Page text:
Greta Thunberg: the Swedish girl behind the global school strike

August 20th, 2018, Stockholm, Sweden. This is how it all started for little Greta. After a record hot summer with devastating wildfires across Sweden, she decided to protest against climate change. Her idea was to strike. Just like workers have the right to strike in order to defend their rights, she felt like striking in order to raise awareness about and trigger action with climate change.

So, she went on a school strike -abstaining from school- and protested right outside the Swedish parliament from August 20th to the day of the Swedish elections, on September 9th. Her demand was that Sweden speeded the efforts to reach the Paris Climate Agreement.

After the elections, she kept on going on school strike every Friday. Greta’s efforts went viral, not only in Sweden but also around the world. But how did she do it? Does it have something to do with the Nordic culture of equality and freedom?

Children? What children?

In the Nordics, children are not considered clueless or incapable of responsibility and action. On the contrary, children -although loved and being taken good care of- are regarded almost as equal as adults. They need to help their parents and the family with household chores.

They need to be independent and be able to commute by themselves in public transport (it is common to see 8 or 9-year-olds alone in the metro or buses in Denmark).

Also, their views and ideas are taken very seriously by adults and are not deemed as “too young and inexperienced”.  Maybe, this is one of the reasons that Greta emerged as a world political and environmental activist, from Sweden.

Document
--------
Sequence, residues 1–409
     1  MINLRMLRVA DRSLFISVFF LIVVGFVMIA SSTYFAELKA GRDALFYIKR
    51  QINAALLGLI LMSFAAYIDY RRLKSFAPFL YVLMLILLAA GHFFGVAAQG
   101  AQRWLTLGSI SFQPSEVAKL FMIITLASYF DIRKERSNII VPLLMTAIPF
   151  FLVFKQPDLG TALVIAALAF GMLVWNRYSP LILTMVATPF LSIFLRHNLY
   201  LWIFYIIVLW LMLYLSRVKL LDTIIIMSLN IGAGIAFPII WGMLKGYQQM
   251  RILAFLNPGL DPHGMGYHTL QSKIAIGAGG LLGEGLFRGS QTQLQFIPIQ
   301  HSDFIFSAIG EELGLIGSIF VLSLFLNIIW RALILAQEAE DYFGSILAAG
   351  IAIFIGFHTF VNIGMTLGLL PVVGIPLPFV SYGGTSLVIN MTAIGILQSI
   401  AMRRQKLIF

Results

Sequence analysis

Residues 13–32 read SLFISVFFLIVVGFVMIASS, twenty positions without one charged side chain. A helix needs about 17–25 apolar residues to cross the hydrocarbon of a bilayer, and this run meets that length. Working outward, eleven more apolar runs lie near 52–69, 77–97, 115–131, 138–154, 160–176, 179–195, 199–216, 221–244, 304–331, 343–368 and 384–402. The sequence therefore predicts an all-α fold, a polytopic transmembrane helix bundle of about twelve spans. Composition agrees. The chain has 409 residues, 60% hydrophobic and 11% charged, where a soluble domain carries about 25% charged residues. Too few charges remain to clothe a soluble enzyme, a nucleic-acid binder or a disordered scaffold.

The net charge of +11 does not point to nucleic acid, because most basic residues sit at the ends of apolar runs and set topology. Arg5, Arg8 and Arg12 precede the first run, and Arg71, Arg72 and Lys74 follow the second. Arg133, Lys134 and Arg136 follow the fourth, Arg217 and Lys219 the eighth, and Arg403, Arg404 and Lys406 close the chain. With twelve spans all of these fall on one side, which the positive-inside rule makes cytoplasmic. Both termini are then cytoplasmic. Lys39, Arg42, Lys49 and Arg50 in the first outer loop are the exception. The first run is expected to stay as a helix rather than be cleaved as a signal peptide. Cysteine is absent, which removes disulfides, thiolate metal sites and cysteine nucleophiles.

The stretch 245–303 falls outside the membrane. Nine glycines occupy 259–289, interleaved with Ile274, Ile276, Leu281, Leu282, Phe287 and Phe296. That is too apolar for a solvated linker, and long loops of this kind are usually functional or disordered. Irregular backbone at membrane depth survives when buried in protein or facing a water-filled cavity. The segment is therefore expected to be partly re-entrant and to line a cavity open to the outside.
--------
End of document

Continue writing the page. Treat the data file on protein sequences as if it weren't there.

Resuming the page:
Brought up in this culture, she did not feel too young or just a girl, to start a fight against climate change. The equality concept of Sweden fostered her dreams and agonies.

It’s all written down!

It’s not only equality among society that gives birth too brave men and women. It is also freedom. Wait! Most of the countries are free societies. Yes and no! Most countries grant their citizens the freedom to live their life as they wish. Few countries though really strive towards actively helping their citizens realise their dreams.

In Sweden, freedom of expression is written in the constitution (well, the four fundamental laws they call the constitution). This gives people the right to have an opinion on anything and publicly say almost anything. People also have the right to take part in demonstrations to fight for their rights or protest against any unfairness towards them.

No wonder why Greta Thunberg comes from Sweden but fights for the world.  She is the heart and soul of the global school strike that is taking place today, March 15th, all around the globe. Pupils and students from schools in more than 100 countries are expected to raise their voice against climate change!

Follow her hashtags #climatestrike #fridaysforfuture #schoolstrike4climate and fight along for our planet!